The film's technical credits are good and Henry Braham's cinematography ably captures the beautiful English countryside, despite the near constant drizzly and muddy conditions and the chronic lack of sunshine. Brian Lock's score occasionally hits too many manipulative piano chords, but for the most part is adequately constructed.

    While some may find the proceedings satisfying and maybe even emotionally moving, the film is too emotionally detached and flat for my liking. Easy enough to watch, but most likely destined for a quick trip to the video shelves just like its wartime sibling, "Paradise Road," the picture has its moments, but collectively isn't that great. We give "The Land Girls" a 4 out of 10.

    OUR WORD TO PARENTS:
    It's doubtful many kids will want to see this film, but here's a quick summary of its content. Some sexual discussions occur between the women and with certain men, and while several sexual encounters do develop, the most we see is some "under the covers" and other such activity that's not too explicit.

    A limited amount of profanity is heard, but does include 1 use of the "s" word. Likewise, violence is also limited, but does include a plane crash and a pilot who's on fire and is a bit gory looking. If you or someone in your home wishes to see this film, you may want to take a closer look at its content.


    ALCOHOL OR DRUG USE
  • Joe and Ag have drinks at a dance (liquor and he has a beer) and others drink as well.
  • The family and the women have beer with Christmas dinner.
  • Philip's mother makes the comment that she's "up to my eyebrows in gin."
  • The women have some drinks at an outdoor reception.
  • BLOOD/GORE
  • Joe has a bloody nose (and later, bruises) after a man punches him in the face.
  • We briefly see a pilot's torn up and bloody looking face after a crash.
  • DISRESPECTFUL/BAD ATTITUDE
  • Joe has both for sleeping with two of the women while being engaged to a third.
  • Ag lies to Mr. Lawrence to cover for Joe and Prue who are fooling around in the barn.
  • Mr. Lawrence says that they're too busy to allow Stella to go off and see Philip on his leave. In retaliation, Stella plows Lawrence's cherished field that he's never touched.
  • Stella says that she lied to Philip about having her period so that she didn't have to sleep with him.
  • FRIGHTENING SCENES
  • Prue feigns being hurt after falling from a high beam in the barn (and screams that it's her back), but she's just trying to get Joe to come over to her.
  • Angry that he was turned down for the military, Joe repeatedly jumps from a high beam in their barn, evidently trying to hurt himself (he doesn't).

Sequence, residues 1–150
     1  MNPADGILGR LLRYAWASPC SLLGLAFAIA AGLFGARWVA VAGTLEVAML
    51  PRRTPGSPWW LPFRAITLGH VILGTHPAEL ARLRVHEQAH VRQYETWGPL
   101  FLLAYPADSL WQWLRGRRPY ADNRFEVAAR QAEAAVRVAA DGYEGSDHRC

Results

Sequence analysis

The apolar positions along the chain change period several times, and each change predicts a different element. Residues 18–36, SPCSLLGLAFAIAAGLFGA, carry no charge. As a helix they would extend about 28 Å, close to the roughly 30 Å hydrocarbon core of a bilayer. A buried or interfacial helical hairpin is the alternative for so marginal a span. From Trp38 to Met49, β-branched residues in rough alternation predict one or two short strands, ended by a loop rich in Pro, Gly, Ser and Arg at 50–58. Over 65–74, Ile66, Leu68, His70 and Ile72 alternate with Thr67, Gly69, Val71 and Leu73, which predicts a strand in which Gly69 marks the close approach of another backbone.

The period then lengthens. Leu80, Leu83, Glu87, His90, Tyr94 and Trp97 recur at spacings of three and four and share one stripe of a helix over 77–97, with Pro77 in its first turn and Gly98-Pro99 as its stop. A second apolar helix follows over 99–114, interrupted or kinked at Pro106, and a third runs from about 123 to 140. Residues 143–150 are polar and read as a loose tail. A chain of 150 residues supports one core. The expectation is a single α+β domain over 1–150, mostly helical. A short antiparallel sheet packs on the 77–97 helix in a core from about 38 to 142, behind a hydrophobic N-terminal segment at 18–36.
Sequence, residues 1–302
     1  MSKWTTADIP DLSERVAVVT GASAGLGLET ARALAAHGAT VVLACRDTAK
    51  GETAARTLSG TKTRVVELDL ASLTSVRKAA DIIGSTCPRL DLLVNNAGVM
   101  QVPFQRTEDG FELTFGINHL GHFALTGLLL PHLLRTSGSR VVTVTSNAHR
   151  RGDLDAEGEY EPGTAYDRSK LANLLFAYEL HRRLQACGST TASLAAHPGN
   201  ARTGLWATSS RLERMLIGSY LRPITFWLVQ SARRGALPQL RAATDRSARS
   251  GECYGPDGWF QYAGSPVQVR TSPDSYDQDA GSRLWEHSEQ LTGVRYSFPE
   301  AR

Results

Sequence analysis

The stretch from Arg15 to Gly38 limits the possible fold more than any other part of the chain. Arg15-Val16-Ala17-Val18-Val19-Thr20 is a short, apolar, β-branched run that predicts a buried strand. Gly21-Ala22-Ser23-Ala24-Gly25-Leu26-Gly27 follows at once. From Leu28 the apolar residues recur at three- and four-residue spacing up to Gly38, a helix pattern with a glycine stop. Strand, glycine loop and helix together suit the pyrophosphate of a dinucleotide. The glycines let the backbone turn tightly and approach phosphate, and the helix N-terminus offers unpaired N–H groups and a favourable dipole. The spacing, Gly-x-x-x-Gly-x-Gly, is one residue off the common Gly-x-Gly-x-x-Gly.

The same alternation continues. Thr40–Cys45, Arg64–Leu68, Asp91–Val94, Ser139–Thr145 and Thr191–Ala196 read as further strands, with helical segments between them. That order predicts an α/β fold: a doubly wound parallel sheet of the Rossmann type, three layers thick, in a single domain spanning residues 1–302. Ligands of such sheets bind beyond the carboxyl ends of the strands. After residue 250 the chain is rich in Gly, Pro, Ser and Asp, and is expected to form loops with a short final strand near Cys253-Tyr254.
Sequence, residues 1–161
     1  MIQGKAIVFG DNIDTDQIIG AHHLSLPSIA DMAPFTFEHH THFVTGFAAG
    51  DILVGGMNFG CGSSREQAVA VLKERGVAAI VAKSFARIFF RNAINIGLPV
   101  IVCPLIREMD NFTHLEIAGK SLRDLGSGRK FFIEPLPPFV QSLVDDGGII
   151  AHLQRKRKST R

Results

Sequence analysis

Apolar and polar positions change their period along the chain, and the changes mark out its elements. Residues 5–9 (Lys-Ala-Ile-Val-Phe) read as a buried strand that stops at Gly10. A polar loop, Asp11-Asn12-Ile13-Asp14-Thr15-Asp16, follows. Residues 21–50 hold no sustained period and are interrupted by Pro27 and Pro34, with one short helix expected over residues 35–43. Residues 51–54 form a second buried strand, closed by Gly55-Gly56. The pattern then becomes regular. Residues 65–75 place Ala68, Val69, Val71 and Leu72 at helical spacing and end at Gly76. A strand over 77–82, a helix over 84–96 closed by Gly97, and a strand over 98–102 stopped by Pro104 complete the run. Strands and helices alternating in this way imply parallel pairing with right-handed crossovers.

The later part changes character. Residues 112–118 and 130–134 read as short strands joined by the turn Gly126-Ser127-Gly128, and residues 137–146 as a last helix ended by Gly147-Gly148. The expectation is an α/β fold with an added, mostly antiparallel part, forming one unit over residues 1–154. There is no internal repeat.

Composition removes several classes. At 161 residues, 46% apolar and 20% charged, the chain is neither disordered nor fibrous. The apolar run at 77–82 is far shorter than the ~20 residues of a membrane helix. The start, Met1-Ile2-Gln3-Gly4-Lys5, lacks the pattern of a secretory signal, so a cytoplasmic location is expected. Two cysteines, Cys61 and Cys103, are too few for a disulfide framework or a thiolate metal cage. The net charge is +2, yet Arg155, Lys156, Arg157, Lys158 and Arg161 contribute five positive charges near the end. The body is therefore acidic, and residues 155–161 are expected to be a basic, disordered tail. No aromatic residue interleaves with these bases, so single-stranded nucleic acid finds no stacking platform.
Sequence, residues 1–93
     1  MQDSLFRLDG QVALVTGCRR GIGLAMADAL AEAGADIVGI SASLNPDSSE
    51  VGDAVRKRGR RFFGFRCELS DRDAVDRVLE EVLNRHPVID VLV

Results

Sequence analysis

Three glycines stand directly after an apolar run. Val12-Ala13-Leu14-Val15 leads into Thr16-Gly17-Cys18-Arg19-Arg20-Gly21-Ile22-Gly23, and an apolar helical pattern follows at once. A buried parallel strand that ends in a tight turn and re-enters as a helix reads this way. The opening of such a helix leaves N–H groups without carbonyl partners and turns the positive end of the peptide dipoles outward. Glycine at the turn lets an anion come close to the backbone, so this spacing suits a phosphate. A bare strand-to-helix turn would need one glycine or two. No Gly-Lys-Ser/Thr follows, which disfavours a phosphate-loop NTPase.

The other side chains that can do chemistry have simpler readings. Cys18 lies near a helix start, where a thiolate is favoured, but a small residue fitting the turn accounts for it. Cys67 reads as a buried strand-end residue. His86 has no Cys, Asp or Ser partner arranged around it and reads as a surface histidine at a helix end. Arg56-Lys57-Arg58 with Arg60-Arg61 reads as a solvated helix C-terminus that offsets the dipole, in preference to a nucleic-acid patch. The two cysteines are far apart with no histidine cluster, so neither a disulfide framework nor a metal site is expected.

• A German plane circles the farm and finally crashes. The pilot survives, but the plane explodes and he catches on fire.
  • GUNS/WEAPONS
  • Bombs: The women spot the glow of the explosions and hear their thunderous echo from off in the distance.
  • Rifles: Carried by soldiers in a parade going through a town.
  • IMITATIVE BEHAVIOR
  • Phrases: "Bugger," "Bloody," "Bloody hell," and "Piss poor."
  • Prue walks along a high structural beam in a barn (like a tightrope act).
  • Angry that he was turned down for the military, Joe repeatedly jumps from a high beam in their barn, evidently trying to hurt himself (he doesn't).
  • JUMP SCENES
  • None.
  • MUSIC (SCARY/TENSE)
  • A mild amount of suspenseful music occurs in a few scenes.
  • MUSIC (INAPPROPRIATE)
  • None.
  • PROFANITY
  • At least 1 "s" word (with another possible one), 4 uses of the British term "bugger," 4 hells, 3 damns, 1 ass, and 2 uses each of "Oh God" and "God" and 1 use each of "Oh my Lord" and "Oh my God" as exclamations.
  • SEX/NUDITY
  • Prue mentions "fornication" between her and Joe. When Stella mentions that he's "unspeakable," Prue responds with "What's that got to do with it?"
  • We briefly see Ag and Prue in their bras as they undress to get into the bathtub (just to bathe, with nothing sexual intended). While in the tub, we see brief glimpses of the tops of Prue's breasts.
  • Prue feigns being hurt after falling from a high beam in the barn, but does so to get Joe to come over and undo her belt. After a moment he understands what's happening and the two kiss. They then quickly begin undressing and we see him between her legs in the hay (trying to take off her undergarments), but they're interrupted before anything else happens.
  • Ag admits that she's a virgin and has "never done it," but Stella won't answer Prue's question about whether she is or not.
  • Prue climbs into bed with Joe and they begin fooling around. When he reminds her that this is her idea, she reaches under the covers and grabs his privates stating, "Oh? What's that?" He then makes some pleasured sounds as she plays with his privates under the covers. They then quickly take their underwear off (under the covers) and it's implied that they have sex.
  • We see Joe on top of a woman, kissing her, in a car, but they're stopped before anything else happens.
  • We see Prue pulling up her underwear, apparently after peeing on the side of the road, but don't see any nudity.
  • Although Prue tells Ag that it's no big deal being a virgin, Ag wants to be experienced so that everything will be perfect when she finally has sex with the man of her dreams. Thus, Prue convinces Ag to ask Joe to help her out, and she finally asks him, "Could you give me a go?"
  • Stella and Philip check into a motel room as a married couple, but when he's ready to have sex, she says that the time isn't right due to her "monthly event" (so nothing happens).
  • Ag and Joe undress (down to their undergarments) as they get ready to have sex. As she babbles on about her family history, she mentions that her father is a prosecutor. Joe then jokingly asks, "Will he prosecute me for coming too soon?" As Ag later tells Stella and Prue about having sex with Joe, she says that she asked to do it again, but that he turned down her offer.
  • Joe and Stella kiss and he tells her, "Just you wait until I get you in bed." She replies that he'll have to wait and he responds that he doesn't think he can.
  • SMOKING
  • Ag and Stella smoke twice, while Prue, Philip and other miscellaneous characters smoke once.
  • TENSE FAMILY SCENES
  • A new bride learns that her husband was killed in the war.
  • Joe briefly argues with his parents.
  • TOPICS TO TALK ABOUT
  • The historical accuracy of the story, and the role of women in wartime settings before they could serve in combat.
  • The status of being a virgin — Ag is ready to lose her virginity so that she can be "properly prepared" for her future mate.
  • VIOLENCE
  • We hear bombs exploding and see the flashes of war from a very long distance, but don't see any up close action.
  • A jealous man pulls Joe off a woman and then punches him in the face.
  • A new bride learns that her husband was killed in the war.
  • A plane crashes and an explosion injures the pilot and sets him on fire, eventually killing him.
  • We learn that a man's legs have been amputated due to a wartime injury.



  • Reviewed June 9, 1998